It looks like the internet has been taken over by politics, so artMEAT is jumping on this bandwagon to take a look at campaign poster art throughout American History. It is fascinating to see how slogans, artwork, and the ideas behind the posters were shaped by the politics and art styles of the time. Let’s take a look:
Andrew Jackson vs. Henry Clay, 1832: Henry Clay who ran against Jackson for his second term wanted to try a new approach to defeating this “Man of the People.” He decided to portray Jackson as a King. This campaign did not do much to take down Andrew Jackson’s every man appeal. Early campaign posters were black & white and usually contained a large portrait and a short slogan. In this case Clay decided to feature Jackson and use the slogan “King Andrew the First.”
Abraham Lincoln vs. Stephen Douglas, 1860: This election is famous for a series of debates featuring the two opponents. Lincoln delivered such an amazing performance at these debates that he became instantly famous and his image was everywhere. El Biejo Onesto Abe cigarettes began using his image on their products without his permission. Lincoln went on to win this election by a huge margin. This is not a campaign poster but it shows how important popularity has been in American politics.
Robert F. Kennedy, 1968: The 60’s were a turbulent time for American politics. During this primary season, LBJ and RFK had quite the feud brewing. Some believe LBJ withdrew from the 1968 race because he thought Bobby would win by a landslide. This poster nods to the psychedelic art of the 60s and paints RFK as the groovy choice. RFK was very popular with young people and his campaign was looking very promising when he won in California on June 4th. His death along with those of his brother, JFK, and Dr. Martin Luther King Jr. put an end to the progressive 1960s and took all of the momentum out of the Democratic race, leading Richard Nixon to win over Hubert Humphrey.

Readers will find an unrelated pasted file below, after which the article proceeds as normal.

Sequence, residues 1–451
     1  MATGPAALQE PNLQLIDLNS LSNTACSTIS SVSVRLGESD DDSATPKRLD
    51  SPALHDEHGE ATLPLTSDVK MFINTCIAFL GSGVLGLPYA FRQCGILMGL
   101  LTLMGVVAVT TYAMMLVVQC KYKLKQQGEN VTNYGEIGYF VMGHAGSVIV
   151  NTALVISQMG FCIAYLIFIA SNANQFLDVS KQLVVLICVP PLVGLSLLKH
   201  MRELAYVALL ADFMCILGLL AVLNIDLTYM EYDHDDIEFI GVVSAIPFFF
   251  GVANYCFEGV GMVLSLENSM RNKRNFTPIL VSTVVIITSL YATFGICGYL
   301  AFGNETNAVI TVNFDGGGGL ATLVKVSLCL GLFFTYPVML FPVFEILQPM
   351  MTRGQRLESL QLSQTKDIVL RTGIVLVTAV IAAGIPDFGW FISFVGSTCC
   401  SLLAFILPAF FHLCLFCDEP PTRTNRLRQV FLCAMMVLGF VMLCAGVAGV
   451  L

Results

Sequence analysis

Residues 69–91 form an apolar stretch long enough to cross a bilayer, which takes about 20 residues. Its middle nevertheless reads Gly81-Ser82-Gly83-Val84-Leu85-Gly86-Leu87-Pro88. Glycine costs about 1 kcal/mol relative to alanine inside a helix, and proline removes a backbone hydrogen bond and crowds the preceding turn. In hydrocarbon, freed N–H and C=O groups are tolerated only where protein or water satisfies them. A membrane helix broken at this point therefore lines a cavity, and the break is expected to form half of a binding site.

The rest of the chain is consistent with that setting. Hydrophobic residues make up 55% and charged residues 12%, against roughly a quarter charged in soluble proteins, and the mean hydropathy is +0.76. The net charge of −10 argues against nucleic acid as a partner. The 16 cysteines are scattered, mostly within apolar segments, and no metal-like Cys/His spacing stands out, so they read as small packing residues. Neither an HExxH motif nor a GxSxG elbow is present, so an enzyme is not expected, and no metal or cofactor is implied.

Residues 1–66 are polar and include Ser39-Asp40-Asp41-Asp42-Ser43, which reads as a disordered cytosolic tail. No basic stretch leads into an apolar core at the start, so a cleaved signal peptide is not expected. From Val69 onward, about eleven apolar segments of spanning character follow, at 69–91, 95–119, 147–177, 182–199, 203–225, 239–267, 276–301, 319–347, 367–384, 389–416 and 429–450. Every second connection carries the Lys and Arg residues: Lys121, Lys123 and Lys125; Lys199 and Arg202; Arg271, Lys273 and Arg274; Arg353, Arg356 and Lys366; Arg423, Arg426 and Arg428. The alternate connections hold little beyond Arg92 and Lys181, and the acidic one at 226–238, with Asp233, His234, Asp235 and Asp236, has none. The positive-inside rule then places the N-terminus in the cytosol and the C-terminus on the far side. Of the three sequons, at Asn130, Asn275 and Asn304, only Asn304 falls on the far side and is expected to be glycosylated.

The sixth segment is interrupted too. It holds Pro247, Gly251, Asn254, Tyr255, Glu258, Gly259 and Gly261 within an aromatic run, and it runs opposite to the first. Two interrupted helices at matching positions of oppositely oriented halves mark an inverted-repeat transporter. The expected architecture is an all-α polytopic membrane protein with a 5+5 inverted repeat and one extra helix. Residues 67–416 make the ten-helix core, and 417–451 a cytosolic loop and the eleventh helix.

Ronald Reagan vs. Walter Mondale, 1984: When Walter Mondale decided to take on Ronald Reagan for his second term he thought a tribute to the Romanticism of Delacroix would help him beat the incumbent. It is an interesting choice to put the candidate in the background and include his choice for Vice President, Geraldine Ferraro, as the leader. This did not prove to be the best choice as Ronald Reagan beat Mondale in a landslide.
George W. Bush vs. John Kerry, 2004: Looking more like a movie poster, this campaign poster attempts to simplify the candidate. George Walker Bush became “Dubya.” This was an effort to make his opponent, John Kerry look elitist. The strategy may have worked because George W Bush went on to beat John Kerry by 35 electoral votes.
Barack Obama vs. John McCain, 2008: No list of Presidential campaign posters would be complete without the “Hope” poster by Graffiti artist Shepard Fairey. He is quoted as saying, “there were a lot of people who were digging Obama but they didn’t have any way to symbolically show their support.” This poster became widely popular, appearing in all kinds of forms during the campaign. NPR’s Brooke Gladstone described the poster as, “uncluttered…it contains a message of the purest kind…it managed the stunning feat of portraying a black presidential candidate while visually overcoming the ‘otherness’ of being black in America.” It led to an extremely successful campaign where Barack Obama beat John McCain by 192 electoral votes.
As we wrap up this post, we here at artMEAT hope everyone has either already voted, is voting today, or will be voting in the future. We can express ourselves through art, but we can also have our voices heard at the polling place. Make sure yours is counted.
Until next time!